DMA Central


Who was the Inventor of Photography?

224 years ago, on Nov. 18, 1787, Louis Daguerre was born. Daguerre, a digital media pioneer, was the man who invented the first reliable photography process, or what was known back then as the daguerreotype.

Daguerre was born in Northern France and even though he lived after the Renaissance, he was truly a “Renaissance man.” He apprenticed in architecture, theatre design and panoramic painting. He was also a skilled illusionist and invented the Diorama.

Honored with a Google Doodle on his birthday, Louis Daguerre was the Steve Jobs of his day, as photography was the emerging technology of the age. With an eye for capturing life, Daguerre developed the photography technique as a way to capture images he saw with his camera obscura. The technique he developed was unveiled in 1839 to crowds of eager scientist and artists. Ultimately, the French Government acquired Daguerre’s patent and offered it as a gift, “free to the world.”

The Invention of Photography
Back then, photographs were captured on metal plates, also called Tintypes. Daguerre experimented with the process for several years, often showing his work off to other artists in hopes of wooing investors to his idea. Daguerre didn’t truly invent the process, but he did refine and make it reliable. The first permanent photograph was created by Nicéphore Niépce. His process was long and laborious – it took about eight hours to produce a photograph and then the picture quality was extremely poor.

Boulevard du Temple“, was the first photograph of one or more persons. The image was taken by Daguerre in Paris, in 1838. The ten minute exposure captures only still objects – including a shoe-shine boy and his customer at the bottom left, and two people sitting at a table nearby – who stood still long enough to have their likenesses immortalized.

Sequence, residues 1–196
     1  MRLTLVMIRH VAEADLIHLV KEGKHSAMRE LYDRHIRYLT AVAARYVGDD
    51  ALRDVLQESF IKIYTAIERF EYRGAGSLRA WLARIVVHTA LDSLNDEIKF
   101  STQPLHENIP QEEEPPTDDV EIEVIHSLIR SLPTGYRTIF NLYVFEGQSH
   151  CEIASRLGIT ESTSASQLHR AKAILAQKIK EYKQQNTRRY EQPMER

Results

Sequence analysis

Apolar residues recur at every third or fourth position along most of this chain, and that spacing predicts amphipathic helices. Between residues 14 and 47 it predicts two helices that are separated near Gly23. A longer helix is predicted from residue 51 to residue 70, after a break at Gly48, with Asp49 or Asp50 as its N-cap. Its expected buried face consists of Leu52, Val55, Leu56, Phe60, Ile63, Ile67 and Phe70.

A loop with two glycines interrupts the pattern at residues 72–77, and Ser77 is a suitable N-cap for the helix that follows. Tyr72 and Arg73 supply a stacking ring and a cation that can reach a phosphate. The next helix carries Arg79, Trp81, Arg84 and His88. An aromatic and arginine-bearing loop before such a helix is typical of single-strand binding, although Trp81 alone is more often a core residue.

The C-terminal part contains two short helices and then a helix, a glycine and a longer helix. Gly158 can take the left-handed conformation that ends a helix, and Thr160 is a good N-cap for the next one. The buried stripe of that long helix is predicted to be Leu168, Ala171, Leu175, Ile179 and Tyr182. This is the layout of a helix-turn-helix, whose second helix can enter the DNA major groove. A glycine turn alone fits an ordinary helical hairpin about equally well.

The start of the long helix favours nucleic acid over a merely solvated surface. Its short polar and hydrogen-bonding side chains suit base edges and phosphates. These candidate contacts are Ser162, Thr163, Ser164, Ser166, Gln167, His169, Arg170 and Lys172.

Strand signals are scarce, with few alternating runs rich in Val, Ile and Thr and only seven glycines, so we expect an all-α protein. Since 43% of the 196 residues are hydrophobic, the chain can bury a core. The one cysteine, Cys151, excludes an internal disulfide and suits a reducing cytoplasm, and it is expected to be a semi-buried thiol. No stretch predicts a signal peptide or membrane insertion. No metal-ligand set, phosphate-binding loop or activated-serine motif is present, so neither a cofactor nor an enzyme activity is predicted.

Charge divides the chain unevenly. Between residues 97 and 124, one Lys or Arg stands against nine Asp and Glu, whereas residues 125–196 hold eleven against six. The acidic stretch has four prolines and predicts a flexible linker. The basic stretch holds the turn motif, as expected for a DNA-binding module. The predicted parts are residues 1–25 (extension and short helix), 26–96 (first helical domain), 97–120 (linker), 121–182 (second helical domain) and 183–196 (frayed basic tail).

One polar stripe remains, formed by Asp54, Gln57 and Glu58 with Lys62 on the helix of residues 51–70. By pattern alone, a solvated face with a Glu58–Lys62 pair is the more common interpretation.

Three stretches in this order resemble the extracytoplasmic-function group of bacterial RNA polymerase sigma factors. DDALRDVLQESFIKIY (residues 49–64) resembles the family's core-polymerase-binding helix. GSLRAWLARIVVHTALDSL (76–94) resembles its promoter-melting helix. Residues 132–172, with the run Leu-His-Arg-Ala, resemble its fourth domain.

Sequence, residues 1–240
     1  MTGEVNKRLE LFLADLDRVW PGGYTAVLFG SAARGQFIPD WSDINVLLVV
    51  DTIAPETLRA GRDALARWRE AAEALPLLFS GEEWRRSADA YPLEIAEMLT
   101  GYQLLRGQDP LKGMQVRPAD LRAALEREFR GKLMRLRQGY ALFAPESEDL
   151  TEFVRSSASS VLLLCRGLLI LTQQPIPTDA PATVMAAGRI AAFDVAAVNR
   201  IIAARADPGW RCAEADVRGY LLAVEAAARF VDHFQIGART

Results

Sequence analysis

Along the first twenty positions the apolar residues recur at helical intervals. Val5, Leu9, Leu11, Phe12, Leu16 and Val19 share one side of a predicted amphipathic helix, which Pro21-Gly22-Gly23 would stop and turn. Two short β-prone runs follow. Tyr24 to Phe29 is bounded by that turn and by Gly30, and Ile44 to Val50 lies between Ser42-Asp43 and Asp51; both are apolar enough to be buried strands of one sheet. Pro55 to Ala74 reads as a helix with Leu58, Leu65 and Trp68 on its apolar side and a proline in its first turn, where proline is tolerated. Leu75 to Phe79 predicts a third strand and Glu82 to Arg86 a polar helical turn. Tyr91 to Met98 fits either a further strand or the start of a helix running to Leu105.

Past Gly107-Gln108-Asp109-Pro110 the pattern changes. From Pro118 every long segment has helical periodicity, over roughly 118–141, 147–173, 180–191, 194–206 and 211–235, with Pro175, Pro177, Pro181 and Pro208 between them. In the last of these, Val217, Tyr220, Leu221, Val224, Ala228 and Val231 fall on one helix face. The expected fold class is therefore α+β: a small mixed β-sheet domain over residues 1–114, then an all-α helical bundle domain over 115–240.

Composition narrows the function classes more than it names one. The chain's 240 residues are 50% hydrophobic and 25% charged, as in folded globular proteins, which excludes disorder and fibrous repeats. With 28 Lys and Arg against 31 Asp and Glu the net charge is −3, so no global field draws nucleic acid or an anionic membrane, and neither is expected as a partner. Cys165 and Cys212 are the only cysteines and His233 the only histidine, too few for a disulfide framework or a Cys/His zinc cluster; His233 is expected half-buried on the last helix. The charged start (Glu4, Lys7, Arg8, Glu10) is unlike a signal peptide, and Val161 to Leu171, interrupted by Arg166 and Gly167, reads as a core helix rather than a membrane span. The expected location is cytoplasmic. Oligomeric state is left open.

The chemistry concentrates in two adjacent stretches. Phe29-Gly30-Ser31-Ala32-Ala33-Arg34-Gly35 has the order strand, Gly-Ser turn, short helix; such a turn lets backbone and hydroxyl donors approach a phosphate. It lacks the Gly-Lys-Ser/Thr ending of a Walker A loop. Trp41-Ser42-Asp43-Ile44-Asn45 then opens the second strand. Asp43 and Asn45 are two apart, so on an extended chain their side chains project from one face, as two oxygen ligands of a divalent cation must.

Niépce learned about Daguerre and became partners with him in 1829. Daguerre continued the photography experiments the two were working on after Niépce’s death in 1833 – and that’s what resulted in the daguerreotype - the forerunner of modern photography. Today, only about 25 of Daguerre’s photographs survive; the majority of his legacy was lost in a fire that destroyed his studio and first Diorama in 1839.

Photography has advanced a lot in 200 years. Today photos are digital and can be shared with the world in an instant. Taking good digital photographs or learning your DSLR camera settings can be challenging. Lke Daguerre learned, you have to keep working at it to create a legacy.


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posted by DMA Jordan in Digital Photography,News Blog and have No Comments

DMA’s 2011 Summer Camp Kick Off – Stanford, Drexel, Harvard and More

The wait is finally over! Summer has started and that means Digital Media Academy summer camp is in full-swing at two of DMA’s prestigious campus locations. Campers attending DMA’s summer camp at Stanford University arrived in Palo Alto, CA over the weekend. While over on the East Coast, DMA campers started the computer and digital arts camp in Philadelphia, at Drexel University.

Campers at Stanford in the Digital Filmmaking program get personalized instruction.

Creating The Future
Digital Media Academy’s professionally taught programs are in full swing – and that means an explosion of creativity is happening right now. Student campers are learning how to design video games…how to create professionally produced movies…build amazing web sites…how to make an app for iPhone or Android…how to shoot digital photos like a pro…to program a robot or computer, and become skilled at music production or image editing, using Photoshop. These campers are not only having fun, they’re creating the future!

DMA has computer and digital media camps, and academies summer camp locations in the United States and Canada. Locations like Harvard University, UCLA and the University of Chicago. In coming weeks, DMA Summer 2011 programs will also start summer programs at the University of British Columbia (starting July 4th), UC San Diego (July 11th), George Washington University (July 11th), University of Texas at Austin (July 11th), and Swarthmore College (July 25th).

It’s not summer camp without a break to go outside and enjoy some time making friends.

No matter where you’re coming from, with campuses across the United States (in California; Massachusetts; Pennsylvania; Texas; Illinois; Washington, D.C.) and in Vancouver, British Columbia, Canada, Digital Media Academy has the perfect location to and program to accommodate everyone.

With world-class instructors and hands-on training with the latest equipment and software, a DMA summer camp experience is like no other! You not only learn while at camp, but also grow personally and professionally. Making friendships that can last a lifetime are just the icing on the cake! It’s no wonder that Digital Media Academy is the first and only choice of summer camp students and their parents.